If you’ve been following this column for the past 10 months, you probably remember I’ve been quoting two El Toro historians on an almost weekly basis. The first, Clara Mason Fox, wrote the 1939 publication A History of El Toro. Earlier this year, her own story became the subject of .
I’ve also quoted extensively from a more recent El Toro historian: Joe Osterman. Joe was a prodigious talent. In addition to his career as a high school teacher and coach, he authored four books about El Toro history and a popular weekly newspaper column on the subject. Joe, who died in 2003, also served as president of the Saddleback Area Historical Society and appeared as a guest speaker at schools, libraries and historical societies.
Like Clara Mason Fox, Joe’s history was deeply rooted in El Toro and the Saddleback Valley. Unlike Clara, who moved to the area as a child with her parents, Joe was a third-generation resident.
His family’s story and family tree will be the subject of a future El Toro & Before column. But to know about Joe is also to have a working understanding of his immediate family history. That story, as Joe documents it, began when his grandfather John Osterman emigrated from Sweden to Wisconsin while still in his teens to live with his Uncle Sven’s family. In 1890, however, Uncle Sven decided to move his family to California, settling in Redondo Beach. John found employment as a farm worker for Ben Kohlmeier, and when the latter moved his farm operation to the Trabuco Mesa—now known as Rancho Santa Margarita—John went with him.
Two years later, in 1895, John had put aside enough money to purchase his own 100-acre ranch in the canyon area now known as Trabuco Oaks. That same year, John married Sadie Annetta Havens, the daughter of a nearby homesteader. A year later, in November 1896, she bore him their first son, Bennie Willis Osterman. By August 1898, another son, George Dewey Osterman, had joined the family. But tragedy stalked their canyon idyll, and Sadie, always delicate, died of consumption less than two years later.
The motherless boys were sent to live elsewhere while John worked through his grief for more than a year. And then, as the saying goes, he reached “an understanding” with none other than Sadie’s younger sister, Mary Lillian Havens, marrying her in May 1902. Bennie and George joyously returned to the canyon home to live with their father and their beloved aunt, now their even more beloved new mother.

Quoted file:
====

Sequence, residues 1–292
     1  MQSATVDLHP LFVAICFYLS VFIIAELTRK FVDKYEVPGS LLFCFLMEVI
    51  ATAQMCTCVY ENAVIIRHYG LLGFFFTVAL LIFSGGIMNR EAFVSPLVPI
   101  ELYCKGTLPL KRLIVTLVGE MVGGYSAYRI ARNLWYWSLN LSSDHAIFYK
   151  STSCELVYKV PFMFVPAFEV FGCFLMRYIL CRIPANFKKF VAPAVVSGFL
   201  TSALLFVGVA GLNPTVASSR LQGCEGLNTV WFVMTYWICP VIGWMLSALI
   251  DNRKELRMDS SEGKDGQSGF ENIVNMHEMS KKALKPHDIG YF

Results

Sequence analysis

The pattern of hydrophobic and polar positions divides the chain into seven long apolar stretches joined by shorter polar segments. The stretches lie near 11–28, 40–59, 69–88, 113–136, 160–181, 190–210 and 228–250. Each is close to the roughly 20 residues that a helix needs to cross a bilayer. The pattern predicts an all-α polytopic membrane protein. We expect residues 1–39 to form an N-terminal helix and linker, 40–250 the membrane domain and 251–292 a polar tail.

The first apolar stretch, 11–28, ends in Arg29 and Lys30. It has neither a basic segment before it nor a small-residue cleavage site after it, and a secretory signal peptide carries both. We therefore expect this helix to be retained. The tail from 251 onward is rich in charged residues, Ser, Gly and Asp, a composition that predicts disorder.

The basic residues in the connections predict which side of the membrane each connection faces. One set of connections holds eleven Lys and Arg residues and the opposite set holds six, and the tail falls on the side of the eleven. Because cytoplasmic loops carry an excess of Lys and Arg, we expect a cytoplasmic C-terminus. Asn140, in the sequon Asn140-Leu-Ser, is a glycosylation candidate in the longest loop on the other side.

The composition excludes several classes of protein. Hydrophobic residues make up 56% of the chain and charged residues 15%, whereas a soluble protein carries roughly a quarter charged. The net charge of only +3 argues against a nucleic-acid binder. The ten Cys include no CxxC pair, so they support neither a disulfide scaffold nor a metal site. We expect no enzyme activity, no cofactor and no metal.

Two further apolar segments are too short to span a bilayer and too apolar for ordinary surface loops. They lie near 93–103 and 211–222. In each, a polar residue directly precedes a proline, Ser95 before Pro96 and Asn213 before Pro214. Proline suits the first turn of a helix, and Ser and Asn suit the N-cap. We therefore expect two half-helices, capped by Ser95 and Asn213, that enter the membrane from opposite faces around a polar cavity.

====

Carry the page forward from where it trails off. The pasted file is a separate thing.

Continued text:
A Born Storyteller
These were the stories Joe Osterman loved to tell ... how Bennie and George grew up, attending a one-room schoolhouse out in Trabuco Canyon, then graduating from the eighth grade at . Because their father, John, placed a high value on education, their next step was to rent a room in “the city,” 14 miles away, so they might attend Santa Ana High School.
It was there that George met his wife-to-be, Lois Smith, whom he married in June 1914. At first, the couple farmed a Rancho Niguel property about two miles from the ocean. It was known as the Miguel Erreca, after the original tenant, a Basque farmer, but had been leased out for some time by John Osterman.
In July 1921, however, George and Lois decided to move to El Toro to help brother Ben and his wife, Cynthia, run the town’s new general store. By that time, George and Lois had a toddler, George William, born in 1919. Four months later, according to Joe’s Fifty Years In Old El Toro, the young couple made a “rush trip back into Santa Ana where their second son, Joseph David ... came into the world [on Nov. 26, 1921] as if he were sliding into second base.” A third son, James Edward, born in late 1922, rounded out their happy trio of boys.
During the Depression, the Ostermans, like so many other Saddleback Valley families, lived modestly and persevered. Childhood memories of , cookouts at and chores for his parents would later become the basis for a quartet of Osterman books.
Joe Strikes Out On His Own
Joe graduated from Tustin High School, followed by five years in the Army. Upon returning home, he enrolled in Santa Ana College, majoring in California history and meeting fellow student Edra Squires, whom he married in 1948. Their daughter, Kate, arrived in 1949 and their son, Tim, in 1950. About this time, the family moved to Whittier, where Joe had been offered a teaching job at Whittier High School. Eighteen months later, however, he left to teach at the newly opened El Rancho High School in Pico Rivera, where for the next two decades Joe settled into a happy existence of teaching history and English and coaching athletics.
Then, in 1979, Joe and Edra received some less-than-happy news: Because of Proposition 13's passage the previous year, Joe's summer school teaching job was no more.
What's next for Joe? We’ll find out in next week’s installment of El Toro & Before.
Editor's note: This story has been updated with the correct spelling of Bennie Willis Osterman's first name.